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A Century of Success

Arrival of the Manchester City (1)


Dwindling Fleet

Ships We Forgot to Remember

Reproduced from Sea Breezes - February 2011©

Ships We Forgot To Remember....

The "Manchester Challenge"

by Andrew Bell (England)

The "Manchester Challenge" was Britain's first container ship to "go foreign". Delivered in 1968 the concept for her design, the shipyard that built her and the company that owned her were all British: she represented the shape of what could be described as the biggest revolution ever in cargo carriage and cargo care. From then onwards shipping companies had to turn their faces to the future and become operators of through transport links, door to door: supplier to customer: seller to buyer.

Few could argue that Manchester had never lacked confidence that came from its wealth being based on being "cottonopolis". If it meant creating a lake in Cumberland to provide the metropolitan conurbation with clear water along a leat so precisely engineered that the gradient dropped four inches each mile for its 80 mile length, Manchester built it. Even by Manchester's catalogue of achievements connecting the city with the sea, through 35 miles of Cheshire's countryside with a canal capable of being used by ocean going ships, was a monumental project. With Daniel Adamson leading the city elders, wooing local industrial barons and ignoring chorus of critics — notably from neighbouring Liverpool who had much traffic to lose — the Manchester Ship Canal opened for business in January 1894 and the elderly Queen Victoria made a rare public appearance in May 1894 to officially do the honours and transit westwards to the Mersey in HMS Enchantress, one of the Royal Yachts.

"The Manchester Ship Canal opened for business in January 1894 and the elderly Queen Victoria made a rare public appearance"

One shipowner on the national scene who matched Mancunians with similar confidence and canniness was (Sir: later Viscount) Christopher Furness (1852 -1912) who lost no time in leading the founding of a local shipping line appropriately named, for the whole of its history, Manchester Liners. The Furness Withy group, as it was to become, named their terms: they would take up £50,000 worth of ordinary shares if Manchester investors subscribed £200,000: they duly did and a prospectus was issued in 1898. The original shareholders represented the trade route that Manchester Liners planned to serve, namely North America, and they included Canadian Pacific Railway and the meat magnate, Mr Swift of Chicago. Using two ships bought from Elder Dempster the company got off to a cautious start but became confident enough to order a new building, the Manchester City (7,696 grt) which was delivered in 1898. Built at a yard on Teeside she was to start a business link with Middlesbrough that was to last for almost the whole history of Manchester Liners. With a deadweight capacity of 8,600 tons, an overall length of 461ft and included in the cargo space facilities for refrigerated stowage as well as a capacity for 700 live cattle, the Manchester City made an emphatic statement for she was the largest ship to have been built on Teeside and the largest by 1,000 tons grt to navigate the Ship Canal, confounding the ever vocal Liverpudlian cynics.

The person to lead this leap by an inland city into trans ocean shipping was the first of three generations that were to serve Manchester Liners. Robert B Stoker (I) (1859-1919) came from North East England and thanks to his father's generosity was given a 500 ton coaster at the age of 17. Such was his acumen and success that, by the age of 23 and based in Liverpool running small ships to America, he was noticed by Christopher Furness (aged 30 at the time) and recruited to open and run the new Furness Line between the Baltic, Newcastle, South Wales and North America. Within a year the company was operating ten ships. By the age of 39 Robert B Stoker had a record of success that gave confidence to the Manchester investors and he accepted the appointment of Managing Director of Manchester Liners and by 1912 was also chairman. Coinciding with his father's death in 1919, Kenneth Stoker (1886-1979) was appointed a director and became MD In 1932, retiring in 1968 having been at the centre of Manchester's shipping venture for 48 years. Kenneth's son was Robert B Stoker (II) (1914-2005) and it was at his initiative that Manchester Liners lead the revolution into containers.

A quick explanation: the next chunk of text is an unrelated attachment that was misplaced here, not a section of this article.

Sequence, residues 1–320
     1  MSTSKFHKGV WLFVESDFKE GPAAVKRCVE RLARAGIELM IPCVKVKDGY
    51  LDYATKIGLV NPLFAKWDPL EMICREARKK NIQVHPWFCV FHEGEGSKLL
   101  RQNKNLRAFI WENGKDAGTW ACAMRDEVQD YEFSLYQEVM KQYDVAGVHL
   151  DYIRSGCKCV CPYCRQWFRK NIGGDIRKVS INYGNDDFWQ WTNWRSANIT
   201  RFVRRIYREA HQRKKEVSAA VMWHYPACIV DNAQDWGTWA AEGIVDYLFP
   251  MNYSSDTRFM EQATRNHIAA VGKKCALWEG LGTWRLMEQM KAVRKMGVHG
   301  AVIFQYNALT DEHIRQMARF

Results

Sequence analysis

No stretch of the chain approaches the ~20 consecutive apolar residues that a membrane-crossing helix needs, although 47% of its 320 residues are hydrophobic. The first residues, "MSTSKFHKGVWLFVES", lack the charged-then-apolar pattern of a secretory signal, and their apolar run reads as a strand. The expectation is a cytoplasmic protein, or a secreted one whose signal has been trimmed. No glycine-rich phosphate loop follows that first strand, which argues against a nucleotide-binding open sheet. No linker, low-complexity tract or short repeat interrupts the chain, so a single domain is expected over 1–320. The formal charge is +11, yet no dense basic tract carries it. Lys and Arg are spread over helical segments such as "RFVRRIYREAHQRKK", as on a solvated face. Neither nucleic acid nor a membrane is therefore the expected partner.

In the 1960's the biggest cost of carrying cargo was loading and discharging it. The shape of ship's cargo holds had hardly changed since the age of sail ended in the late 1880's – in fact that shape had got more complicated. General cargoes of merchandise, whether it was textiles or vehicles, foodstuffs or raw materials for industry required a high degree of cargo care: it was presented loose and had to be stowed to prevent damage. Manchester Liners operated between two areas where increasingly high costs of stevedoring was taking an ever larger proportion of a ship's earnings. Manchester Liners' management had watched American companies try to staunch the rising costs on their domestic trades to Hawaii and Puerto Rico.

If ever a well established shipping company had an innovative thinker leading it, Manchester Liners had one in "Bob" Stoker.

The setting and the location in which he operated helped: 'Manchester' was Manchester Liners: there was an integrated degree of common-wealth between the company, the Ship Canal Company and their labour forces. Although not without local problems with waterfront labour relations compared with those in other major British ports, Manchester was progressive. It was there that the basically simple idea of road transport delivering export cargoes by an appointment system was shown to work in 1960 — a first at any UK port. This was the setting in which Manchester Liners introduced pallet loads and experimented with home made containers for cargo trying 8ft square ones, then 10ft types and finally being early adopters of the ISO 20ft model. Lead by Bob Stoker and Messrs Roberts, Pattison and Clay – respectively MD, company secretary and engineering superintendent — the shape of the future began to be seen in the Company's ships. In place of the engines at the mid-length of the hull Harland & Wolff built the Manchester Miller (9,286 / 1959) with her boilers and steam turbines right down aft but the bridge was located mid-length. The next trio in 1963-1964, lead by the Manchester Commerce (8,724), had all five hatches forward and all the accommodation aft. The passing craze for stove pipe funnels was seen on this trio no doubt influenced by P&O's Canberra (44,807/1961) and a batch of Shell Tankers. The Manchester Progress (8,176/1967) displayed two pairs of derrick posts together with three cranes: cargo containers were beginning to be commonly seen.